Fannie Mitchell Executive Director William Wright-Swadel on Career Security

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Writing to parents about the career and professional development process is always a challenging thing to attempt—mostly because on almost every topic the conversation is very different depending on the student and his/her academic class year. In a newsletter like this one, 500 words go quickly!  There is however, one issue that students bring to us from parents, regardless of the academic progress of their daughter or son—career security. So let’s look at that issue today.

As the query comes to the career counselor from the student, it is usually about choosing a field that is stable, insulated to a large degree from the vagaries of the economy. It is a field where the companies are well known and prestigious; rarely lay off “good staff,” and where there is a strong commitment to the further education and upward mobility of those they hire.  It is a field that pays well, the employers respect work-life balance, and they have offices wherever in the world one wants to live, but never transfer staff except to where they ask to go.  Finally, the field should be filled with organizations with a set of values that we all can agree are in the best interest of today and tomorrow.

I have exaggerated a bit here, but only a bit.  I certainly understand the desire most parents have to ensure that their daughter or son will choose wisely and well and will be in a field and with organizations that can provide the stable environment many parents covet.  I am not sure this is a truly attainable goal for most students today—or that they share the goal with parents at this stage of their development.

The global market, into which our students launch, is dynamic, even volatile. Change is the constant and it happens with breathtaking speed. Organizations and industries shift to where opportunities exist or they create opportunities by defining new markets themselves. Innovation, entrepreneurship, impact, and the development or acquisition of new products, services, or domains of knowledge are the currency of stability for many organizations. Develop, acquire, define a brand, reflect upon its success or failure, and then adjust, adapt, and learn to deliver something new or something old in a different way. Some believe this is the mantra of the entrepreneur, but I have the same conversation with employers, regardless of size, longevity, domain, or even product.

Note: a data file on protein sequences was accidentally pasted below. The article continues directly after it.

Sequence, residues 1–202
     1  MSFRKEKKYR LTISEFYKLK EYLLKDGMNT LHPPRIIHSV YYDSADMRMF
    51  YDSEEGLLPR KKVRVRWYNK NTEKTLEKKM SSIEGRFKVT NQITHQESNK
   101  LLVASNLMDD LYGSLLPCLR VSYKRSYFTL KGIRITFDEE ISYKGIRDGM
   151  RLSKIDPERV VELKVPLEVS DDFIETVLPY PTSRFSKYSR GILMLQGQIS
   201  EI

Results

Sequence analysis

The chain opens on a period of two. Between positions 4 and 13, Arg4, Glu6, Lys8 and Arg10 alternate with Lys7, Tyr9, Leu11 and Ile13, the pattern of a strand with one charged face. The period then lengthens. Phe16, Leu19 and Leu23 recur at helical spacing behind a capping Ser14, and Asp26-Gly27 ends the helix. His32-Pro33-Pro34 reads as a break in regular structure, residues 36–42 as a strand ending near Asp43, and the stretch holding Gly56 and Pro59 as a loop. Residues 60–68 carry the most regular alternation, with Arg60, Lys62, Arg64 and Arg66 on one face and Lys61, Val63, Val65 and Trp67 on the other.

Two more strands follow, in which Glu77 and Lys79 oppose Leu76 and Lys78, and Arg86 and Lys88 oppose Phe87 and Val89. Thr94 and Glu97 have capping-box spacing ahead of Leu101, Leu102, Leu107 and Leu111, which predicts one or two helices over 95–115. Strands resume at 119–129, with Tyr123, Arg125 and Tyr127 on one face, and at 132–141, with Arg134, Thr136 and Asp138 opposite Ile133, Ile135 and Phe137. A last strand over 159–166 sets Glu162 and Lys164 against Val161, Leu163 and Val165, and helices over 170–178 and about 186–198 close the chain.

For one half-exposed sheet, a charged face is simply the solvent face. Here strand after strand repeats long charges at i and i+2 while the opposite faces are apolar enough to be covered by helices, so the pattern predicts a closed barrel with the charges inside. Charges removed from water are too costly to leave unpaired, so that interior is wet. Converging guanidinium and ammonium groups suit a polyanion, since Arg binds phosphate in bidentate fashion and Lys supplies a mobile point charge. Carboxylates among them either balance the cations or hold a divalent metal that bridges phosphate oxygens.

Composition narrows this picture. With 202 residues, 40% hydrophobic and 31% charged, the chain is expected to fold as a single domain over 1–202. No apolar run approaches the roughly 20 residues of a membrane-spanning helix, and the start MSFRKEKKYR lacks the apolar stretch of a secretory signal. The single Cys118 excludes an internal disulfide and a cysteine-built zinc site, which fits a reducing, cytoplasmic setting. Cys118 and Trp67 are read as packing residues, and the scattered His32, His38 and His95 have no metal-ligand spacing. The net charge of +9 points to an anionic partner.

I submit that stability for the individual student is much the same as described above for employers in the economy of today and tomorrow.  Stability will come from within, not from external partnerships with employers.  Those students who will thrive will be those who learn to learn in interdisciplinary ways, and across several very different domains of knowledge. They will have used the full range of academic, co-curricular, and experiential opportunities to articulate a brand, learn to compete, to adapt, and to reflect and assess outcomes (from successes and failures). They will learn to be effective in environments that are new, challenging, and filled with others quite different from themselves.  They will build a personal board of directors who will know and advise them. They will master the art of networking, initially using Duke alumni and parents. They will stay with an organization only as long as both are benefitting, not a moment longer.  So, they will learn to manage their professional development and their career as if it they were a corporation – as they likely will be!

For those of us, including many parents, who grew up hoping to find an employer who would hire, train, nurture, and develop us, this is a scary looking world. For most of the students with whom I speak it is a world that reflects their experiences and the way they anticipate they will grow most effectively.

It is not only the possession of a degree from a great university, like Duke University, that defines the future—though it is indeed a significant advantage. It is how the student went about getting the degree that most often tells the story of how effectively they will manage their professional life and how well they will create stability for themselves.

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